Published: 31 August 2022
Author(s): Yasmin Zouggari, Christophe Lelubre, Salah Eddine Lali, Soraya Cherifi
Section: Original article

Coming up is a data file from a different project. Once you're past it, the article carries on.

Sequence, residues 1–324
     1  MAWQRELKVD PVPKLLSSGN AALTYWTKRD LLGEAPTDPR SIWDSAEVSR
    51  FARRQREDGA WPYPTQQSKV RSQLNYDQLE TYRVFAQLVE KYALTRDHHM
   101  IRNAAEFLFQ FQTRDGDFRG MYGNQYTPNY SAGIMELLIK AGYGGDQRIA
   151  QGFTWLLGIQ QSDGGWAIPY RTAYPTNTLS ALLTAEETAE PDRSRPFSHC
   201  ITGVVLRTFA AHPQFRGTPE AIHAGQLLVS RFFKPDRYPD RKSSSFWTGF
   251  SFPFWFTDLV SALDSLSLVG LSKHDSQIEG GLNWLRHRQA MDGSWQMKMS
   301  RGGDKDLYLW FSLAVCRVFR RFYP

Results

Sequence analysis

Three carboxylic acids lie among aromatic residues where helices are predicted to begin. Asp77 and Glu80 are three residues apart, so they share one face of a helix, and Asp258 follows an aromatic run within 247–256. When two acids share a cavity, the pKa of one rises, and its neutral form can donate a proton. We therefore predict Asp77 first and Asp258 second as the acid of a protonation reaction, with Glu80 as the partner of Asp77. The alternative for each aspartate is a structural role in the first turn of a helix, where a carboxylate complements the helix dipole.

Anaerobic bacteria make up a large part of the human bacterial flora by colonizing the skin and mucous membranes. However, they can also be opportunistic pathogens and cause serious infections in almost all anatomical sites [1,2]. Worldwide, the proportion of anaerobic bacteraemia is 0.5–15% [1]. In Belgium, it is 3.3%, corresponding to an incidence of 0.51/1000 hospitalized patients [3,4]. Various studies have shown a clear increase of the incidence of anaerobic bacteremia. This increase seems to have multifactorial origins, such as the aging of the population and the presence of co-morbidities [3–6].


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